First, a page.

The organ in the historic St Michael-le-Belfrey Church, York (where Guy Fawkes was baptised) was built in 1885 by the York organ builder William Denman, and was to be one of the largest instruments of his career. It is housed in a beautifully carved oak case in a side aisle. Some tonal alterations were undertaken in 1925 by Abbott & Smith (fitting harmonic trebles to 8′ chorus reeds) and John Jackson in 1975 (neo-classically inspired alterations in the fashion of the time). The organ’s condition declined to the point that the organ fell unplayable in the mid-1990s.
The organ has now being given a new life. In August 2019, the instrument was completely dismantled and brought to our workshop in Malvern. In December 2019, work commenced on a full historical restoration, returning the organ (with the sole exception of the balanced Swell pedal!) in every way to how Denman left it. The tonal modifications were reversed by making new pipework as copies of surviving Denman examples elsewhere. The soundboards and actions (mechanical to manuals, pneumatic to pedals) were restored without alteration. The beautiful case was badly damaged by an amateur attempt at liming many years ago; the liming has been stripped off and the oak restored and re-finished to its original lustre.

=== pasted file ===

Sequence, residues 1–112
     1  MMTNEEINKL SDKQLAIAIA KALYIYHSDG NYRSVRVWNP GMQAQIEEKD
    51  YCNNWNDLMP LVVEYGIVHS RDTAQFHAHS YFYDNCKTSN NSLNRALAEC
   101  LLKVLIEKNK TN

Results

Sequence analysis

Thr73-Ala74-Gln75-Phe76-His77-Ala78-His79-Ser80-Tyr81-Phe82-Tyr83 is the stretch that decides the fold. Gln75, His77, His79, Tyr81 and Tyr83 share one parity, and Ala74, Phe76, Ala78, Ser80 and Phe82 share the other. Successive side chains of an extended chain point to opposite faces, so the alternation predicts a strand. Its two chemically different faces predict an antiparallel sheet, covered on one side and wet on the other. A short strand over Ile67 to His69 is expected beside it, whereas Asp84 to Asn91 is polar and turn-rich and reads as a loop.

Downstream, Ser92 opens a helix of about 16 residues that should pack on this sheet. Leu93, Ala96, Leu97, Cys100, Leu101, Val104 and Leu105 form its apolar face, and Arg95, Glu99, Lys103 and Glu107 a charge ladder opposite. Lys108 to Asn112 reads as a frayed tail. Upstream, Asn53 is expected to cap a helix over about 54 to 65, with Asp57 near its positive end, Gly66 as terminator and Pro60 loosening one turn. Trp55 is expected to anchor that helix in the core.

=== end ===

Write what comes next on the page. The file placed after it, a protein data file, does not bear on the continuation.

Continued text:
Upon completion of the restoration, the organ was installed into the spacious north transept of St Lawrence’s Church, York. The Denman organ will enhance the sung worship by the congregation and splendid choir of St Lawrence’s Church for many years to come. It has been a privilege to restore this vital part of the musical heritage of the city of York, and to provide St Lawrence’s Church with a fine instrument, the first in the building’s long life that will be worthy of its vast interior.